Getting Fired

Recently I saw on Twitter a prompt to share your worst/most hilarious getting fired stories. I have a pretty good one from more than twenty years ago, so I figured I would write it down.

Back in 2000, I started as a contractor with a company called Capital Area Internet Solutions - CAIS. CAIS started as a small dialup access company, but it’s CEO Ulysses G. Auger II had repositioned itself to offering high-speed Internet connections in hotel rooms and apartment complexes. It had a small web hosting center in an old 1960s office building, a legacy of the old part of the business. It was a standard kind of building with an elevator bank in the center and offices in a donut around the perimeter. Stepping off the elevator and crossing the elevator lobby you would go into a CAIS reception area, then work your way around the donut through a spaghetti string of offices, computer rooms, and a tiny NOC.

There were two computer rooms, called the old room and the new room. CAIS customers could bring in their servers and rack them in the CAIS datacenter, and we would rack them, connect them, and provide basic hosting support.

The CAIS computer rooms were populated with a hodgepodge of servers in telco racks. If you are not familiar, a telco rack is basically an open steel rectangle. It’s the most basic kind of rack to hold a computer. In a professional datacenter you would more often see a full rack, which is more like a sully enclosed box. The rack would usually be on a raised floor, or there would be some kind of overhead cable management but the environment would be engineered to avoid static and dust. In the CAIS computer rooms, the racks were nailed into an old, dusty linoleum floor.

I was one of two engineers supporting the web hosting function. It was pretty busy - there was a constant stream of servers coming in and work to do. Most of the servers were from CAIS’s biggest client, a web hosting company called eFront. Probably 70% of the servers in CAIS computer rooms belonged to eFront.

At one point the air conditioning unit that cooled off the larger of the rooms, the new room, failed. We left the door open but temperatures in the back of the room spiked above 115 degrees F. There was a locked access door in the back of the room that went to the elevator lobby, but for a few days I sat in a chair, propping that door open with my body, sweating as we vented the room into the elevator lobby. We had propped one of the elevator doors open as well, letting the hot air vent to the upper parts of the building. It was a whole load of OSHA violations and I am sure a sweaty shirtless sysadmin sitting in a decrepit old office chair holding the autoclosing door open.

We used to spend a lot of time giving customers directions to their servers - “New room, fourth row back, ten feet to the left, at the bottom.” At one point I went to Home Depot and purchased a whole load of those reflective numbers that go on mailboxes. I put numbers on the floor in front of each rack, giving each one a unique address. I will never forget one of the guys from the NOC saying how much of a difference it made for them.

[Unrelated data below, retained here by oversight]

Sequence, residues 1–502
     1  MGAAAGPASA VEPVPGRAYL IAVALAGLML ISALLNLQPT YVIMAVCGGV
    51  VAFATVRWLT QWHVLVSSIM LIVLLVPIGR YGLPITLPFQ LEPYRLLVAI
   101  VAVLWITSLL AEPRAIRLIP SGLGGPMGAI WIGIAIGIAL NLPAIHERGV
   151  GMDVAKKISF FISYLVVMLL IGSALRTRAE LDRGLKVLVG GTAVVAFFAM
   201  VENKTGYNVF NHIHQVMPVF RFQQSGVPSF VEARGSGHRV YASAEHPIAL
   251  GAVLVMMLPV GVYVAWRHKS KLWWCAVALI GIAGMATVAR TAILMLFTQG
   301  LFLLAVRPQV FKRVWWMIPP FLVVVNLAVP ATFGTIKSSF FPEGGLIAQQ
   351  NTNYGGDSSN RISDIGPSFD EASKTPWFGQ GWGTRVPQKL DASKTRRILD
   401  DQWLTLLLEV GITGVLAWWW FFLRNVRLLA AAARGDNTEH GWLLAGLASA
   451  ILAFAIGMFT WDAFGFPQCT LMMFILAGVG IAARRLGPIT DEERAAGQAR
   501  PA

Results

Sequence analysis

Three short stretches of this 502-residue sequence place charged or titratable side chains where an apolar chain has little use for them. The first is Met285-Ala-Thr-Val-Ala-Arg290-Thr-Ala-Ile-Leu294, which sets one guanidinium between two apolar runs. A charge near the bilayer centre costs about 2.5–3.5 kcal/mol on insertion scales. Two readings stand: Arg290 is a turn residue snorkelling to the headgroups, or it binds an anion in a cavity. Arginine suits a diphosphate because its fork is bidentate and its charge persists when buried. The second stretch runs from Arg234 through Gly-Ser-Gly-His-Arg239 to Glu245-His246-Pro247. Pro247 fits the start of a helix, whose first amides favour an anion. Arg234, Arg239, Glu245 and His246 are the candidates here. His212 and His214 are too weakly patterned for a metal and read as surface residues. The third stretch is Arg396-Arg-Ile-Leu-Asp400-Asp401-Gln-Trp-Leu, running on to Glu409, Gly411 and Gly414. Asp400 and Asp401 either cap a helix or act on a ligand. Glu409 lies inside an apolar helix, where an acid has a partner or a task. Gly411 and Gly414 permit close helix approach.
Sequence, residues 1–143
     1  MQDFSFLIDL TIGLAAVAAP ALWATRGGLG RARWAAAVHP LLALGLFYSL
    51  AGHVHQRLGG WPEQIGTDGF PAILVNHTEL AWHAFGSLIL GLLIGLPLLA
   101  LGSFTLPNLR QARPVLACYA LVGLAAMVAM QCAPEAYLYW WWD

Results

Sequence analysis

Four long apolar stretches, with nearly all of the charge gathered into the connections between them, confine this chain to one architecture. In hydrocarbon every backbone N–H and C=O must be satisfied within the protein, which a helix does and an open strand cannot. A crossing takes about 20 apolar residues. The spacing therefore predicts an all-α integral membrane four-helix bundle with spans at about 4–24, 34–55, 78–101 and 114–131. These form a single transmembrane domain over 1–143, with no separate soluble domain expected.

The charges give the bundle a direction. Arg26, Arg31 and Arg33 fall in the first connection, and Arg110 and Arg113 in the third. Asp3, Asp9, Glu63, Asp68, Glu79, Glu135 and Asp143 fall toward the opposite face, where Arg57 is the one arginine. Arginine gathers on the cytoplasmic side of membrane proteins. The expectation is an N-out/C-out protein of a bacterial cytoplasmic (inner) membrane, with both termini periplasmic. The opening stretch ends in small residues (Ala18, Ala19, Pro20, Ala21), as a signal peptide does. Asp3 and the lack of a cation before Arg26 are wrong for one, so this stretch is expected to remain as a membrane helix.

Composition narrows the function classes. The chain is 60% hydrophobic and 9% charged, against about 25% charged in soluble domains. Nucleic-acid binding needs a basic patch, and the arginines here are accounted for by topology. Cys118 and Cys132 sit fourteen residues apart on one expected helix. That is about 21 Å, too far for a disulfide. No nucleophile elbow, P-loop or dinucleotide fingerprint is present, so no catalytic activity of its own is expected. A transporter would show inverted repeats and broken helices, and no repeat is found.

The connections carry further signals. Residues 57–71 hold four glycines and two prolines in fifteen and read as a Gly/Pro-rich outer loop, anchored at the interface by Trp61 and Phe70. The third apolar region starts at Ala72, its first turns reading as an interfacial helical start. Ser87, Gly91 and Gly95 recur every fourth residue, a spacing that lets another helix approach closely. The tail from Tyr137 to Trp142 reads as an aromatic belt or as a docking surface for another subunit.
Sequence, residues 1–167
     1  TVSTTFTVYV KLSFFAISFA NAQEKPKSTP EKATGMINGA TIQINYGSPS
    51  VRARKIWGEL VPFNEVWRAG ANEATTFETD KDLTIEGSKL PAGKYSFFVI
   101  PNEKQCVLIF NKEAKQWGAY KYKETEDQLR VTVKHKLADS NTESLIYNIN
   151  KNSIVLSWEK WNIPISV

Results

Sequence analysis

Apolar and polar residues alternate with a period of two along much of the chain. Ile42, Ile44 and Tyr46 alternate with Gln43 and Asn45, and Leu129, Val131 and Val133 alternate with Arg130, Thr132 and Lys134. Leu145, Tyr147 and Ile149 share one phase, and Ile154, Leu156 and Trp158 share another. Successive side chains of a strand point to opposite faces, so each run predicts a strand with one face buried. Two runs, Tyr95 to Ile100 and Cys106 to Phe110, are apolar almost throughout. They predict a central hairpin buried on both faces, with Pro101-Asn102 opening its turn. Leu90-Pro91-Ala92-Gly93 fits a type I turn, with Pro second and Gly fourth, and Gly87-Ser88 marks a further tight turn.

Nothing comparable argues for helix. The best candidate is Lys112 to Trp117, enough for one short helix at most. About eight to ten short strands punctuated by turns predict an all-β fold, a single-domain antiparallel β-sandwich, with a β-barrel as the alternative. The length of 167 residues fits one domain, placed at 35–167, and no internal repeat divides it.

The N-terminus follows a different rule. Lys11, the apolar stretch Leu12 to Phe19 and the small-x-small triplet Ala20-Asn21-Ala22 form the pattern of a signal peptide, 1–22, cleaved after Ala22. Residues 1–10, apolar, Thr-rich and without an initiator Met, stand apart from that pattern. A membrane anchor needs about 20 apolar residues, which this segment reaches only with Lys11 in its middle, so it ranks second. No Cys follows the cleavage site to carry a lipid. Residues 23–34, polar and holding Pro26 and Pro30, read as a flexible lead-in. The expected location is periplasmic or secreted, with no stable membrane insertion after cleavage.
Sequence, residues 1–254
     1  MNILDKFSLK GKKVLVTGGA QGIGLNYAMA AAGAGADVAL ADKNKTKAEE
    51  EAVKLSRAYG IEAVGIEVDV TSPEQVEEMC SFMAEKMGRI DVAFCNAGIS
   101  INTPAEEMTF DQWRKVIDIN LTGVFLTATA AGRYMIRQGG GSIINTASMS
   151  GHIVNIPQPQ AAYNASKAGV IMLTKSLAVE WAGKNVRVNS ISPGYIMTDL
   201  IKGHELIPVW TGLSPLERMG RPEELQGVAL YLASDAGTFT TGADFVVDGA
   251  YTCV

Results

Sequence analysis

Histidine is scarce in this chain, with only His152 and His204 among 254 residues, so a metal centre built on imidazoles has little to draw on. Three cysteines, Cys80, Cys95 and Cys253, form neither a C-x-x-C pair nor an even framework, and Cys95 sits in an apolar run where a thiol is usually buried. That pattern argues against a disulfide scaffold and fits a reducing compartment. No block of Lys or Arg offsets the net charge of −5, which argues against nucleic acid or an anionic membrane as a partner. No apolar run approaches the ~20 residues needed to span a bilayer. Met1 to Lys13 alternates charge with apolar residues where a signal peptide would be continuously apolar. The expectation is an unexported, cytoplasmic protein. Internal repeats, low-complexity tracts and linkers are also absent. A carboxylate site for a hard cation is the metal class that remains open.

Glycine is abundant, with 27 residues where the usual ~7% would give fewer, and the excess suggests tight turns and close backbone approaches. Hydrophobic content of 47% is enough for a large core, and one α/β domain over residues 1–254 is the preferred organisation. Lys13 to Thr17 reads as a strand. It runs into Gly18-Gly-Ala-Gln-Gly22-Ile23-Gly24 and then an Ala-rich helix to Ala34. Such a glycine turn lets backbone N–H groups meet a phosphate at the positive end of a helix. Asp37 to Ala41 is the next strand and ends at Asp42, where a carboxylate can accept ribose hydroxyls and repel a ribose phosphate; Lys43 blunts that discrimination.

One day I came in and found my computer had been airgapped - the power and monitor cords were unplugged, the network cord was cut. I had about five minutes of looking around in confusion until my boss found me and said I had to gather my personal effects and leave. I was very confused, as he told me how I was a good worker and this was no reflection on me. I was hurt - it was my first time getting laid off.

I did end up getting the story from my former CAIS coworkers, and it was a doozy. So about this time period - March 2001 - there was a story on the popular tech news site Slashdot about eFront. The CEO of eFront, Sam Jain, was a user of the ICQ instant messaging service, and had logging enabled. Well, someone got ahold of his logs and published them [1]. There was a lot of bad stuff in there, and a lot of it was about CAIS. Apparently CAIS had not been adjusting how much they were billing eFront to reflect the massive influx of servers, so eFront executives were joking about how they were paying a tiny fraction of how much they should have been paying.

So this came to the attention of some of CAIS’s executives and lawyers. They started to comb over the ICQ logs [2]. One of the things mentioned is someone by the name of “Nate”.

sam        28/12/20 9:46 am  nate is in Dc yeah

The Nate in question was, I believe, the CFO of eFront at the time. Definitely not me! But the ICQ logs left his identity ambiguous. So some VP at CAIS looked at the employee roster, and saw there was only one guy named Nate - and he is a contractor - and said get him out of here. So due to this confusion about Nates, I was let go.

Within a few months, CAIS was down to an eighth of it’s previous employee count, renamed and on a fast slide to nothingness. I had a short stint at a startup that failed, and then I went to AOL and had a fantastic nine years. But I will never forget that crazy old, hot office building in McLean.

[1] https://www.cnet.com/tech/services-and-software/icq-logs-spark-corporate-nightmare/ [2] https://web.archive.org/web/20051218070411/http://www.echostation.com/efront/